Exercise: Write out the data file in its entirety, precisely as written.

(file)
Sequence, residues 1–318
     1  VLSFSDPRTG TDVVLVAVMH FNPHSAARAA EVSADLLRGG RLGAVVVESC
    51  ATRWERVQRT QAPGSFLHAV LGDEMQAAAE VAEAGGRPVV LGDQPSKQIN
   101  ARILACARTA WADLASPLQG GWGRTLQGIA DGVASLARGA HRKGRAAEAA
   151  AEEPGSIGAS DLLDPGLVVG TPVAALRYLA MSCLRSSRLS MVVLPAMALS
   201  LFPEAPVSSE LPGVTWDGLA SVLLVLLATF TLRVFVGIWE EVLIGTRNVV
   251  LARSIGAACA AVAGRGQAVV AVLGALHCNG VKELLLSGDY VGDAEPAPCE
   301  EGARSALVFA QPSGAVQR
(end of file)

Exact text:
Sequence, residues 1–318
     1  VLSFSDPRTG TDVVLVAVMH FNPHSAARAA EVSADLLRGG RLGAVVVESC
    51  ATRWERVQRT QAPGSFLHAV LGDEMQAAAE VAEAGGRPVV LGDQPSKQIN
   101  ARILACARTA WADLASPLQG GWGRTLQGIA DGVASLARGA HRKGRAAEAA
   151  AEEPGSIGAS DLLDPGLVVG TPVAALRYLA MSCLRSSRLS MVVLPAMALS
   201  LFPEAPVSSE LPGVTWDGLA SVLLVLLATF TLRVFVGIWE EVLIGTRNVV
   251  LARSIGAACA AVAGRGQAVV AVLGALHCNG VKELLLSGDY VGDAEPAPCE
   301  EGARSALVFA QPSGAVQR